Habeas Corpus in the Time of COVID-19
A recent decision of the Court of Appeal has upheld an earlier decision declining to grant two applicants a writ of habeas corpus in response to their alleged “detention” under the Government’s Covid-19 response measures.
In response to the outbreak of Covid-19, on 25 March 2020 the Government:
(a) issued an Epidemic Notice under the Epidemic Preparedness Act 2006; and
(b) declared a state of national emergency under the Civil Defence Emergency Management Act 2002.
The steps by the Government provided the basis on which the Director General of Health, Dr Ashley Bloomfield, was able to make orders under s 70(1) of the Health Act 1956. These orders included the restrictions imposed under Alert Level 4 on 25 March 2020 and subsequently, Alert Level 3 from 27 April 2020.
In the High Court, the two applicants sought a writ of habeas corpus, challenging the legality of their “detention” under Alert Level 4. The applications were brought against the Prime Minister, Dr Bloomfield and the Director of Civil Defence and Emergency Management, Sarah Stuart-Black. The applications were both heard under urgency on 17 April 2020.
In her decisions ( NZHC 796;  NZHC 814), Justice Peters set out that for an application for a writ of habeas corpus to succeed, the applicants must establish that there is a “detention”. Once established, the onus then falls on the respondents to establish the legality of the detention. If an application for habeas corpus is successful, the effect is to release the applicant from detention. Accordingly, if the applicants in these cases were successful, the likely effect would have been to release all of New Zealand from Dr Bloomfield’s orders.
In the applicants’ cases, Justice Peters noted that “detention” in the Habeas Corpus Act 2001 is defined widely to include “every form of restraint of liberty on the person”. Whilst the applicants contended they were detained because they could not swim, hunt, tramp or travel as they saw fit, this was rejected – the applicants were still able to leave their home for essential personal movement, exercise as they wished, use the telephone, internet and communicate with whomever they wish. Nor were their movements monitored in any way. As habeas corpus was appropriate only where an applicant was held in “close custody”, the High Court found that the applicants were not detained.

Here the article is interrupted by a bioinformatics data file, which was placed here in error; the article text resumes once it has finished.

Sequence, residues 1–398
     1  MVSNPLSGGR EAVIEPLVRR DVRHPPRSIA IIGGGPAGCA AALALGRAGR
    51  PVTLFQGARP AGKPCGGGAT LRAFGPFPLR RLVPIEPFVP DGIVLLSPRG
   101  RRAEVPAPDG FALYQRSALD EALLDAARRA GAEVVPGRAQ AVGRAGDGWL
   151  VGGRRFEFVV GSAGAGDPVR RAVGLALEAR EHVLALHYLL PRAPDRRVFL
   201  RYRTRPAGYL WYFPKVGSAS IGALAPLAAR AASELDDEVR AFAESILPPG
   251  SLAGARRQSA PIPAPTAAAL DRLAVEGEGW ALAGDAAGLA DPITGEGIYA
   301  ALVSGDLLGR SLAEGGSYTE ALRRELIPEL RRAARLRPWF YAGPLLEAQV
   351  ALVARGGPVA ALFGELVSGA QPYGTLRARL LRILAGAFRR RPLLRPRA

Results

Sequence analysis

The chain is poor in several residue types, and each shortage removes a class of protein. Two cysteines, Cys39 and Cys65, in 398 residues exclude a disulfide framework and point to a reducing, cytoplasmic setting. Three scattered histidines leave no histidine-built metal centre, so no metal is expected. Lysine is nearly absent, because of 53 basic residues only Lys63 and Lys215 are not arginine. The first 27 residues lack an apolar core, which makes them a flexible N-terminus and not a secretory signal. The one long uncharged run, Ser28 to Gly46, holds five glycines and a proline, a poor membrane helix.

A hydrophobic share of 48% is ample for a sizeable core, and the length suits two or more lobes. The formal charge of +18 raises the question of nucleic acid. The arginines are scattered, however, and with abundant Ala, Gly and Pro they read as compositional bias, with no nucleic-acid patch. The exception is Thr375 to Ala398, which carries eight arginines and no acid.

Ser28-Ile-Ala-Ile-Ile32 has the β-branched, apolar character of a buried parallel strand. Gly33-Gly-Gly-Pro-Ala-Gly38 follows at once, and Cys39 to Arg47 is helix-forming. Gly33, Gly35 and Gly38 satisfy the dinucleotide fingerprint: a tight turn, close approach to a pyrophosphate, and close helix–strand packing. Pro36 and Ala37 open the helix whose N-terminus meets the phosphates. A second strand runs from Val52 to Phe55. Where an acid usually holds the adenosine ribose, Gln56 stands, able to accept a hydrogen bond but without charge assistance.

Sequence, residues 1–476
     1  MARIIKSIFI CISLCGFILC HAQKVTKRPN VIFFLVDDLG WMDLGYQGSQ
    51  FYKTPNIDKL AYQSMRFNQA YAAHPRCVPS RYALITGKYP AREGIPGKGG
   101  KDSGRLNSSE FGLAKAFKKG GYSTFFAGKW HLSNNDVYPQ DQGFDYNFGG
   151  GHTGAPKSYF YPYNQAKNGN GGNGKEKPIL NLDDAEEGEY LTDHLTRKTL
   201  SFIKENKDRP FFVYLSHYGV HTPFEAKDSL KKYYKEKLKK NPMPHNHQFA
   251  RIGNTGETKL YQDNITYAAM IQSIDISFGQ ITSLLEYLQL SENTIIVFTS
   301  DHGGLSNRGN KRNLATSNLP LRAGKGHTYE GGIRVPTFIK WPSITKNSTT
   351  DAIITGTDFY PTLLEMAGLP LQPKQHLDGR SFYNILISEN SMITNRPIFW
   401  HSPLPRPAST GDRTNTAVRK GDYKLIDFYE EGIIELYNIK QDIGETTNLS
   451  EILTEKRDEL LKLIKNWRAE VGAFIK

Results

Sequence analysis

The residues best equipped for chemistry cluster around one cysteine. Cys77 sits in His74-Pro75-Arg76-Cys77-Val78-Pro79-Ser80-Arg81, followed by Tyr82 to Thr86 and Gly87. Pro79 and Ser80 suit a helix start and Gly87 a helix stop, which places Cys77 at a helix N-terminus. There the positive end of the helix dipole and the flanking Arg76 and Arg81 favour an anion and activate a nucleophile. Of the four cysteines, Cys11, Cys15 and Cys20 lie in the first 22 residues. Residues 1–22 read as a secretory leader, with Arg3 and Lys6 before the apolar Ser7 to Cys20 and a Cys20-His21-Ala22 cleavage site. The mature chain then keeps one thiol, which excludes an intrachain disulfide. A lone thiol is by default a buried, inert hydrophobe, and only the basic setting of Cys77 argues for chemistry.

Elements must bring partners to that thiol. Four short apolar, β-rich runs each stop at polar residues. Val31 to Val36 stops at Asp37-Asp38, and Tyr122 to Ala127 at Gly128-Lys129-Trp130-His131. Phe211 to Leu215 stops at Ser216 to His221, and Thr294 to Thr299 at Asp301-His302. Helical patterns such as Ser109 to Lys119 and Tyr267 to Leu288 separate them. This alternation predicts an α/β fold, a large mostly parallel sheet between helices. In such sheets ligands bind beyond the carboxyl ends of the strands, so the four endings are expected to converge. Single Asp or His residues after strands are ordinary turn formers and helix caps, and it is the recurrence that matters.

Justice Peters also went on to state that even if the applicants were detained, any detention would be nonetheless lawful, as Dr Bloomfield’s orders had been properly made under the Health Act. Accordingly, the applicants’ application for habeas corpus failed.
Court of Appeal
The applicants appealed to the Court of Appeal. In a decision of the Court given by Justice Collins on 4 May 2020 ( NZCA 114), the Court of Appeal upheld the High Court’s decision. It too found that the applicants were not currently detained, noting that Alert Level 3 (in place when the Court of Appeal heard the matter) afforded the applicants even greater freedoms than Alert Level 4.
The Court of Appeal also found that even if the applicants had established their detention, it would reject the application on the basis that habeas corpus was not the appropriate procedure to address the applicants’ allegations. The Court noted the opinions of Public Law experts which state that there are “unresolved questions” about the legality of the orders issued by Dr Bloomfield. However, habeas corpus was not appropriate as:
- these unresolved questions would raise complex legal issues that are not appropriate for the truncated procedures under a habeas corpus application (which requires the application to be disposed of as a matter of urgency in priority to all other matters before the High Court);
- there is no right of appeal for the Crown under the Habeas Corpus Act, which would be inappropriate if the “unresolved questions” were answered against the Crown; and
- Judicial review would be the appropriate procedure in this case, given the applicants greater concerns were about the legality of the Government’s Covid-19 response. Applications for habeas corpus should not be entertained where they are really a substitute for judicial review.
In both the High Court and Court of Appeal, the applicants argued for name suppression, stating concerns about their physical safety if their names were published. Both Courts rejected the claim for name suppression as there was no evidence of any danger put forward. Further, such risks could not be a basis for name suppression, but rather, a matter that would warrant Police investigation. The applicants however indicated that they will appeal the Court of Appeal’s substantive decision as well as its decision as to name suppression, so have been granted interim name suppression until the Supreme Court determines the matter.
ANDERSON CREAGH LAI LIMITED
Article written by Edward Fox
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